With Chanuse becoming a popular recurring character, and with Slate’s spot next to Kristen Wiig on the frequent Today Show parodies (a role she took over from the dispatched Watkins), things were looking up going into her 2nd season. And her stock only rose this summer with the mini-viral sensation Marcel the Shell with Shoes On, which she co-wrote & conceived, as well as voicing the titular character.Vodpod videos no longer available.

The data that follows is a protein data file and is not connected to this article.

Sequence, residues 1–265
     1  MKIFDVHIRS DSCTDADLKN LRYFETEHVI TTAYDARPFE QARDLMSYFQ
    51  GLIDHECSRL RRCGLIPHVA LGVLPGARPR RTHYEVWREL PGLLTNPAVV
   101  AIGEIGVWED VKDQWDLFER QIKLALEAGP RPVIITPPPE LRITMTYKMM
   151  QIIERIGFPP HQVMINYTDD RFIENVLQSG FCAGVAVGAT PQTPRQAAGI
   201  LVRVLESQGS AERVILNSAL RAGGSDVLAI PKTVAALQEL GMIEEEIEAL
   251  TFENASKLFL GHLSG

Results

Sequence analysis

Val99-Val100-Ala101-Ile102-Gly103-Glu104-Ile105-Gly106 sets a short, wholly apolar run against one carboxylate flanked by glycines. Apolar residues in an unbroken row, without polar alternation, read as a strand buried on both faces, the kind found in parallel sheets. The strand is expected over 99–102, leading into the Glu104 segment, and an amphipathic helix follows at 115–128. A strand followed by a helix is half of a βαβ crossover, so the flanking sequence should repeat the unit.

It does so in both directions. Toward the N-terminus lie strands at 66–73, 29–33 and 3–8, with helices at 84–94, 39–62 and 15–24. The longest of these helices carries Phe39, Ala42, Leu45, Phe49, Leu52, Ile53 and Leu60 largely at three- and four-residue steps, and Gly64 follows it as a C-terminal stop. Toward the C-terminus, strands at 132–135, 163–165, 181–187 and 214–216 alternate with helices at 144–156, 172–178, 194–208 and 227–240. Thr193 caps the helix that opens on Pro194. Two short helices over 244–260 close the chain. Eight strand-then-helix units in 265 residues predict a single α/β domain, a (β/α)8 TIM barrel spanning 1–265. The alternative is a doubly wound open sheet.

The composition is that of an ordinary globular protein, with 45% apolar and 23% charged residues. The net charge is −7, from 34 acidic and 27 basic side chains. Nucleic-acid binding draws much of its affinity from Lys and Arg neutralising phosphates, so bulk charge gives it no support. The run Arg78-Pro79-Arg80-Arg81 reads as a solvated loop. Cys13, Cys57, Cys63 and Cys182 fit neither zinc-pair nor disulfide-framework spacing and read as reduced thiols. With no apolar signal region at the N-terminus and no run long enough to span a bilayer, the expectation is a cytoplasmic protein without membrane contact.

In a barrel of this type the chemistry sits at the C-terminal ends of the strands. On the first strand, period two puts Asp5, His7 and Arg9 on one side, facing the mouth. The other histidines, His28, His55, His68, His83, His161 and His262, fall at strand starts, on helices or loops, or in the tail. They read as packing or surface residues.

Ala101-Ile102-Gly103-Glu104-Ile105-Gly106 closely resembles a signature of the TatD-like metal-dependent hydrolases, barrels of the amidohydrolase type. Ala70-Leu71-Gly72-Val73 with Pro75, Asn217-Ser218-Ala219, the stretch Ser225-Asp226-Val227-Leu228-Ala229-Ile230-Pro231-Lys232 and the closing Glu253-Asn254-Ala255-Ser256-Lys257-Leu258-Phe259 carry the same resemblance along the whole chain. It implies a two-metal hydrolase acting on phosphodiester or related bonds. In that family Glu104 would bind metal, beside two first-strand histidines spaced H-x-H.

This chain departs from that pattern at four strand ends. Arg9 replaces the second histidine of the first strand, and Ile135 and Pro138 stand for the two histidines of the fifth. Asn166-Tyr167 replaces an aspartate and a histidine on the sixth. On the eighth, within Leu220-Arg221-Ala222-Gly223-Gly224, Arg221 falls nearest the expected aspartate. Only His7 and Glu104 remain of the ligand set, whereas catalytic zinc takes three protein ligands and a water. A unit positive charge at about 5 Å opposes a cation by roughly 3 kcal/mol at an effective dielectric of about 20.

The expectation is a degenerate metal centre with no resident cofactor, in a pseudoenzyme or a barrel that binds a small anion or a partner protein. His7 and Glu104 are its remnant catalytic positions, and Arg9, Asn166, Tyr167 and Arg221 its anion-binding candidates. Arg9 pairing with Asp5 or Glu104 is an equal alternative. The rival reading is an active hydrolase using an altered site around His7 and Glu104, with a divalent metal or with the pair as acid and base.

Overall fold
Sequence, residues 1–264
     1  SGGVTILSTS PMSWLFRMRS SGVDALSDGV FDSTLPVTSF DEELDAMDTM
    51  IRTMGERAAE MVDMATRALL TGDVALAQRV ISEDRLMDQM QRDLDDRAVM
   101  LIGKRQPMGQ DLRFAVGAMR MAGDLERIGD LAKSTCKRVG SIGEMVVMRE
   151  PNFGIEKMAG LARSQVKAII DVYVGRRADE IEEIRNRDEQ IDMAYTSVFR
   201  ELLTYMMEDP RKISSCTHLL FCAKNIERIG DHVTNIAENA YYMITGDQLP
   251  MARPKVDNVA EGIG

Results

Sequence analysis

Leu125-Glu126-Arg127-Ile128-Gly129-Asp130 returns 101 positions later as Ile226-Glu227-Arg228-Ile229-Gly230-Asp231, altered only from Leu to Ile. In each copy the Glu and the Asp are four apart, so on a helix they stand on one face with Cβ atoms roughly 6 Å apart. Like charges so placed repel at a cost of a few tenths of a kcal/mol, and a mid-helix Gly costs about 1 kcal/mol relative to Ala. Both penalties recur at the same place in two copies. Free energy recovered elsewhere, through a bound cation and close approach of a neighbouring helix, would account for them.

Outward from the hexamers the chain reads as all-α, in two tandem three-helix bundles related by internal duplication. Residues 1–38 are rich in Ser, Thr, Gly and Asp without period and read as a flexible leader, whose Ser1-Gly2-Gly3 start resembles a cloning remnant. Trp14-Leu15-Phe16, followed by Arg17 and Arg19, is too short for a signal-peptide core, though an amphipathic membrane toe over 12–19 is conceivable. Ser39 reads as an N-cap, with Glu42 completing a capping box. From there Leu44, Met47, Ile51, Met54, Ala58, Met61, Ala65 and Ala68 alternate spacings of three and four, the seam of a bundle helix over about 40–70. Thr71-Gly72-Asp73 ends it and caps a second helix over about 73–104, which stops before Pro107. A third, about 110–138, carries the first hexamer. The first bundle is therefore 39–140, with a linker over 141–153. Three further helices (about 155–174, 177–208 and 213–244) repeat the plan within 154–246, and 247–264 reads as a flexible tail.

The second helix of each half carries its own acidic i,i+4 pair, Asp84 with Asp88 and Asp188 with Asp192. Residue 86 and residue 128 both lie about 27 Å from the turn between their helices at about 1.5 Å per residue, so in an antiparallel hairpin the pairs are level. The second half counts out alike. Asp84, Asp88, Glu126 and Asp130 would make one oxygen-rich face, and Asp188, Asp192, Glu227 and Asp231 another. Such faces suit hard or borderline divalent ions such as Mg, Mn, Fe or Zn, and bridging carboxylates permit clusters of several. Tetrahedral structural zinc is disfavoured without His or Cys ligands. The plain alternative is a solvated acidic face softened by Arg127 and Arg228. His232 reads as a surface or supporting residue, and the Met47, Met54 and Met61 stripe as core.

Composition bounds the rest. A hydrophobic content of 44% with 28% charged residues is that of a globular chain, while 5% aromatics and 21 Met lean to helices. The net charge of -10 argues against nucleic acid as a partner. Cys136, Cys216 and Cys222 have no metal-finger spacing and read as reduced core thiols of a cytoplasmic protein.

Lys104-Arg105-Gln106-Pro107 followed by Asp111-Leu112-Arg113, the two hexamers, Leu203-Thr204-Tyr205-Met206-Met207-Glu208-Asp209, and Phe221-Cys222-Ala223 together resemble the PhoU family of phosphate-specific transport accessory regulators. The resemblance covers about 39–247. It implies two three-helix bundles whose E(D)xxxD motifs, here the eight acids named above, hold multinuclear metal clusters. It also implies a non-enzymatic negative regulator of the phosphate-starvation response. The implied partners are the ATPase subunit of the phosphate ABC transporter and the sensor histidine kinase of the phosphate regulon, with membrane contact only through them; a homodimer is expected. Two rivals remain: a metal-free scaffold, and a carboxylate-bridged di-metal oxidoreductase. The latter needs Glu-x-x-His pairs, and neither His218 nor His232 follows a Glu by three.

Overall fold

If she was fired after accidentally letting an obscenity slip in her first episode, that wouldn’t be especially surprising. But after surviving the year, developing a popular recurring character, and drumming up some buzz during the summer hiatus, her dismissal now is somewhat more surprising. Perhaps it was just a case of being miscast all along. Maybe it was just as mutual as the Forte departure. Maybe the success of Marcel demonstrated that she can be successful outside of SNL, riding the ever increasing-wave of web video. As a successful comedian and UCB performer before her call up the bigs, maybe she and/or the show felt her talents were better served elsewhere, or they thought the had already outgrown the program. With her role on Bored to Death, perhaps she felt or they felt she was ready to be a full-time actress, or maybe her other acting commitments got in the way. However, these are all just uninformed conjectures, and in the end we’re still left scratching our heads, wishing the best to Slate, whom we admired before her ascension, and whom we’ll continue to follow. And, at the same time, we turn and welcome Vanessa Bayer, and hope that her stint is longer, and begins with a little less drama. On the bright side, ew get to use the ‘Yvonne Hudson’ category for this post.